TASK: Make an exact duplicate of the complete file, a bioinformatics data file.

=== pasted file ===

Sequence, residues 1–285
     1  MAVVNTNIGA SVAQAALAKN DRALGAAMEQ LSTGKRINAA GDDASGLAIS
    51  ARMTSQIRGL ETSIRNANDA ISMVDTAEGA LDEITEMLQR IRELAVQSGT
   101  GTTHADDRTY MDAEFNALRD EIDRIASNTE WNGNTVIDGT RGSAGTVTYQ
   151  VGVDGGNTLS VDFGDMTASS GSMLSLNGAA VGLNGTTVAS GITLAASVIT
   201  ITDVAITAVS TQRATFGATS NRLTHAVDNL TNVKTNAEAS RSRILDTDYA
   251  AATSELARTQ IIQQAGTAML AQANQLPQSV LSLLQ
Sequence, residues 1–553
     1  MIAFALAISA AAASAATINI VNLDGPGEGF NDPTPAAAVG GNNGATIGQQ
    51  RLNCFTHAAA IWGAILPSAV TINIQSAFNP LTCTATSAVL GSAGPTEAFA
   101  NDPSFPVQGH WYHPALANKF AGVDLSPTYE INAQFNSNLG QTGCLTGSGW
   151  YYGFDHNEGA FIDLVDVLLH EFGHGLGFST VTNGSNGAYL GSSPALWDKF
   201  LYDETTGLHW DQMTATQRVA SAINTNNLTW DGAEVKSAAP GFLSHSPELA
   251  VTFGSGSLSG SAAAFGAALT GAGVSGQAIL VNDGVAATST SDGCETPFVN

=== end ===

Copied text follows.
Sequence, residues 1–285
     1  MAVVNTNIGA SVAQAALAKN DRALGAAMEQ LSTGKRINAA GDDASGLAIS
    51  ARMTSQIRGL ETSIRNANDA ISMVDTAEGA LDEITEMLQR IRELAVQSGT
   101  GTTHADDRTY MDAEFNALRD EIDRIASNTE WNGNTVIDGT RGSAGTVTYQ
   151  VGVDGGNTLS VDFGDMTASS GSMLSLNGAA VGLNGTTVAS GITLAASVIT
   201  ITDVAITAVS TQRATFGATS NRLTHAVDNL TNVKTNAEAS RSRILDTDYA
   251  AATSELARTQ IIQQAGTAML AQANQLPQSV LSLLQ
Sequence, residues 1–553
     1  MIAFALAISA AAASAATINI VNLDGPGEGF NDPTPAAAVG GNNGATIGQQ
    51  RLNCFTHAAA IWGAILPSAV TINIQSAFNP LTCTATSAVL GSAGPTEAFA
   101  NDPSFPVQGH WYHPALANKF AGVDLSPTYE INAQFNSNLG QTGCLTGSGW
   151  YYGFDHNEGA FIDLVDVLLH EFGHGLGFST VTNGSNGAYL GSSPALWDKF
   201  LYDETTGLHW DQMTATQRVA SAINTNNLTW DGAEVKSAAP GFLSHSPELA
   251  VTFGSGSLSG SAAAFGAALT GAGVSGQAIL VNDGVAATST SDGCETPFVN